On Saturday, at the Glen Haven Cemetery in Glen Burnie, the remains of a 19-year-old sailor who died when the Japanese attacked Pearl Harbor will be buried. The Defense POW/MIA Accounting Agency last year identified the remains of the sailor that is flying into BWI-Thurgood Marshall Airport on Thursday as Seaman 1st Class William Brooks. The sailor was born to the late William and Lillian Brooks on July 19, 1922. Military records indicate that he joined the Navy at 18 and went to boot camp at Recruit Training Command in Great Lakes, Illinois. The 19-year-old from Cumberland Gap, Tennessee, was assigned to the USS Oklahoma at the time of his death. Japanese aircraft attacked the battleship on Dec. 7, 1941. A barrage of torpedos caused the ship to turn on its side and sink.
Brooks was amongst 429 crew members who were killed. The Navy spent the next 2.5 years recovering the remains of the sailors and burying them in the Halawa and Nu’uanu Cemeteries A military board in 1949 classified those who could not be identified were buried in Hawaii and classified as non-recoverable, including Brooks. But, in 2015 the Defense POW/MIA Accounting Agency exhumed the unknown remains from the burial site known as the Punchbowl and used dental and anthropological analysis to identify Brooks. The Armed Forces Medical Examiner System used mitochondrial DNA (mtDNA) and Y chromosome DNA (Y-STR) analysis during the process. The lab analysis eventually helped officials identify Brooks on May 19, 2021. His obituary, which includes archival images of the USS Oklahoma can be found here.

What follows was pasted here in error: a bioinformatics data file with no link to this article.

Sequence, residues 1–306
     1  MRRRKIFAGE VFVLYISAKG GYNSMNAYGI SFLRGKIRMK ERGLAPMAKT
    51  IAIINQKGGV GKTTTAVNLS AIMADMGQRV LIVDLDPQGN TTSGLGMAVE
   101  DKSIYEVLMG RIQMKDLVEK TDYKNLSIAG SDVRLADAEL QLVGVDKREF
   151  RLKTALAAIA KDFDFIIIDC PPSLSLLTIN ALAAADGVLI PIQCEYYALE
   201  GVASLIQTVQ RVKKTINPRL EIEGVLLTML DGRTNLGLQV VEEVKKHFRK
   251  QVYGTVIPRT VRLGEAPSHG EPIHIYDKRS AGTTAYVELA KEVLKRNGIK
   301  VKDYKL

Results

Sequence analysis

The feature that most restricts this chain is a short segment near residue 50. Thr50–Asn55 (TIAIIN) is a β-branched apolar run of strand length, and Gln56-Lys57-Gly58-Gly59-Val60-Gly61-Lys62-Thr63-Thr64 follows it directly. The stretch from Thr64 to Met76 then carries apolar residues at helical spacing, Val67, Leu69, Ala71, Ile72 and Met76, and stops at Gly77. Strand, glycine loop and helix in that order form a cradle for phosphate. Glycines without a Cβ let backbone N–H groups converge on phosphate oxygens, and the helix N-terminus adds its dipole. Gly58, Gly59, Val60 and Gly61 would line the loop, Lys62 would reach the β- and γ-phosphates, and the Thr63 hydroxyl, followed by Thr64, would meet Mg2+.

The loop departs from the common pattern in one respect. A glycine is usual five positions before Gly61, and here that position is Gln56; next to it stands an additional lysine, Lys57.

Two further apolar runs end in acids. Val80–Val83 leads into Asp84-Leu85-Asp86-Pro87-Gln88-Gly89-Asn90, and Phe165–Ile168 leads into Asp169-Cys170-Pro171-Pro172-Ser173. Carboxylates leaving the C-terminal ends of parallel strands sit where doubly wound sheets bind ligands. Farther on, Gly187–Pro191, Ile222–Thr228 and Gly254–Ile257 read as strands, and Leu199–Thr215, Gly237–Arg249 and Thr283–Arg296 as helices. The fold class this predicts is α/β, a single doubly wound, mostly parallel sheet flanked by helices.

Members of the public are invited to join Sailor Brooks’ survivors, which include nieces and nephews, at the cemetery this Saturday. Services are scheduled to start at 11 a.m.
Photo courtesy of Singleton Funeral Home